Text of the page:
Buying an investment property in Australia as an expat in Japan

The story

Meet James, an Australian expat who’s been living and working in Japan for the past 8 years.

He’s married to a Japanese citizen and has 2 young kids.

As a senior management staff at a premier financial services firm in Japan, he earned a base income of JPY 711,000 (AUD $115,748) plus a yearly cash allowance of JPY 352,000 p.a.(AUD $57,316).

To start building their asset porfolio, he wanted to purchase an investment property in Queensland (QLD).

In addition, he wanted a competitive fixed-rate loan that allows for unlimited extra repayments.

Australian expat mortgage broker, Manish Rana got the call and quickly went to work.

The pre-assessment

After establishing James’ objective and need, he poured through James’ bank transaction statements, payslips, tax returns and credit report to identify anything that the lender may object to.

There were several issues to address from the get-go:

  • Foreign currency income: We needed a lender that can accept a Japanese currency (JPY) income as well as accept 100% of his base income to help maximise the borrowing capacity. Most expat lenders will typically only use 60%-90% of the foreign income to account for exchange rate fluctuations.
  • Cash allowance: A significant part of James’ income came from cash allowances, this created another hurdle as most lenders either completely ignore them or shade them to 80%.
  • Credit report: As Japan doesn’t have a consumer credit rating system as we have in Australia. It is very difficult (almost impossible) for Australian expats in Japan to get credit. As a result, most expats do not even have a Japanese credit card. Lenders use the credit report in their assessment to verify the character of a borrower.
  • Japanese income tax statements: James’ income tax statements were in Japanese. An English translation was required; however, not all lenders accept translated tax returns.
  • Living expenses verification: Verifying the living expenses by analysing James’ bank account became difficult as all the bills, utilities etc. were in his wife’s name. As Japan is still largely a cash-based society – he typically withdrew cash which his wife used to pay the bills.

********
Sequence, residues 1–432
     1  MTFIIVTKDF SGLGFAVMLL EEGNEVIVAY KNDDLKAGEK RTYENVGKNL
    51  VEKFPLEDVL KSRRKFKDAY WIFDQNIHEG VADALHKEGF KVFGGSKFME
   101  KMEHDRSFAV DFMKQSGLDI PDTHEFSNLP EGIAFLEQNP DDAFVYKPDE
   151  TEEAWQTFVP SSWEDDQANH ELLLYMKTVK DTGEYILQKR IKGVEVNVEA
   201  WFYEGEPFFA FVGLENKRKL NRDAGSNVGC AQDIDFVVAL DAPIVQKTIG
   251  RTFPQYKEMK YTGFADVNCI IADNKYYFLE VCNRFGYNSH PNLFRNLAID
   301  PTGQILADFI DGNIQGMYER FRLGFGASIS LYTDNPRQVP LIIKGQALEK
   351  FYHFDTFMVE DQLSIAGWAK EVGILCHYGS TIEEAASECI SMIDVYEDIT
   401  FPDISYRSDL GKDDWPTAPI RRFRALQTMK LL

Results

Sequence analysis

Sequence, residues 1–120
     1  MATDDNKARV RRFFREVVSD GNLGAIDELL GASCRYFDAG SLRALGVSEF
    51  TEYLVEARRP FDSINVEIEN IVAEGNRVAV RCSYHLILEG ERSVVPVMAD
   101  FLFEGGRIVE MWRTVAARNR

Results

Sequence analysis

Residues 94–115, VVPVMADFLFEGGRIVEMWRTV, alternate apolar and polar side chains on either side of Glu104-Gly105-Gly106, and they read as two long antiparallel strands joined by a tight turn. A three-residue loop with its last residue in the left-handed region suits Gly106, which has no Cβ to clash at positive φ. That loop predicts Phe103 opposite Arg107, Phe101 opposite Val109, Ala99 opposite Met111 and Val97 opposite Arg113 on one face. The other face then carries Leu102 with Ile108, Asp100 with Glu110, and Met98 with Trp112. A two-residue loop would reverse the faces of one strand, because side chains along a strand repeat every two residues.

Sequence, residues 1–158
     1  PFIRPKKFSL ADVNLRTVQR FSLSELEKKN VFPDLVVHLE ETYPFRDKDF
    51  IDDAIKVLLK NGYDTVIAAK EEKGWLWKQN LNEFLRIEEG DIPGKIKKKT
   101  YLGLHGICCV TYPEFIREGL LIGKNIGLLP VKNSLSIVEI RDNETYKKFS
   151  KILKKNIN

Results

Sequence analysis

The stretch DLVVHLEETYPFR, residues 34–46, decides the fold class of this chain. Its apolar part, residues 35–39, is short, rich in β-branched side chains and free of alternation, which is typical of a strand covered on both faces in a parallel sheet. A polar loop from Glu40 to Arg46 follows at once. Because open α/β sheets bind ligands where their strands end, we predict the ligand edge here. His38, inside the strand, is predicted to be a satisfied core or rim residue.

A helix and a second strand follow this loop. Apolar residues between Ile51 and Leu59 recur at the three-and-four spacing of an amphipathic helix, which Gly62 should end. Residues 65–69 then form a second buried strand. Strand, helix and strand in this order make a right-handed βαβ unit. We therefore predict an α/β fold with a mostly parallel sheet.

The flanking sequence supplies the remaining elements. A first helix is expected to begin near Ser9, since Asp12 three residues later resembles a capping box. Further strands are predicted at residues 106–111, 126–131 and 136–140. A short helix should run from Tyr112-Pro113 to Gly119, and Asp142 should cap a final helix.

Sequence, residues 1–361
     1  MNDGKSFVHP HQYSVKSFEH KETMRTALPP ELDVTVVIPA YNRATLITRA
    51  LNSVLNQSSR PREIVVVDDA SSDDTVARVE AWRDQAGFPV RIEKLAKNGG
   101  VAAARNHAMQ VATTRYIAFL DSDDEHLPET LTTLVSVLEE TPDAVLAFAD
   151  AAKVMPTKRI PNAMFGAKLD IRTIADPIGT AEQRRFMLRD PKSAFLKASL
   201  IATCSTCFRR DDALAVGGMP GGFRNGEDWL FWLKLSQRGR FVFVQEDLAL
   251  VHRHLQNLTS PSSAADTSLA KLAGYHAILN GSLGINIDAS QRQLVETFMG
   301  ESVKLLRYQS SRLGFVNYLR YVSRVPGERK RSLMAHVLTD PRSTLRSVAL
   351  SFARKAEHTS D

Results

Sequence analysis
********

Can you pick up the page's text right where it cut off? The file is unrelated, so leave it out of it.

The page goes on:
The initial borrowing power assessment

First, after thoroughly analysing his payslips, cash allowances, voluntary and involuntary deductions, Manish established his verified assessable year-to-date income.

After that, our broker ran the serviceability assessment (borrowing power) with a couple of lenders that used 100% of his base foreign currency income to maximise his borrowing power.

Then, he was also able to use the proposed rental income from the investment property in the borrowing power calculations.

Doing so allowed him to use the full 4% or $34,000 p.a. as rental income in the assessment.

The solution: Mitigating the credit issues

Our broker went to work on mitigating the potential credit issues he had previously identified:

  • Cash allowance: He got one of the better expat lenders to use 100% of James’ monthly cash allowances which amounted to approximately $4,776 p.m in the assessment. This was done by providing evidence that the allowances were ongoing, verifiable and were part of the employment contract.
  • Credit report: He also provided the lender with James’ credit history, which was impeccable albeit with no recent activity. He had an Equifax Score of 1100 before the move. This established his character as a good borrower and explained the lack of credit activity in his file.
  • Japanese income tax statements: He then organised an authorised translator to translate the Japanese income statements.
  • Living expenses verification: Since the monthly living expenses couldn’t be verified via bank statements, he got the lender to accept a signed ‘Living Expenses Sheet’ declaring the cash spend.

Prudently before submitting the deal, he ran the scenario directly with the lender’s credit department.

This ensured that all supporting documents such as the translated income tax returns, cash allowances, lack of credit activity and the living expenses declaration were all acceptable to the lender.

Only once our broker had the green light from the lender did he make the recommendation to James, which he accepted, and finally the deal was submitted.

The happy ending

James got approved for a 2 year fixed (Principal and interest) loan which reverts back to a variable product with no annual fees.

Best of all, the fixed rate loan allowed for unlimited extra repayments, which is typically limited to $10,000 p.a. with most fixed products.

He now owns an investment property in Queensland and has already started looking to add another one to his property portfolio.

Borrowing as an expat living overseas can seem daunting when you don’t have experts on your side.


Are you an expat looking to buy an investment property?

Before you start looking for your next investment property, consult with one of our award-winning specialist mortgage brokers.

We specialise in aussie expat home loans.

Give us a call on 1300 889 743 or fill in our short online assessment form today.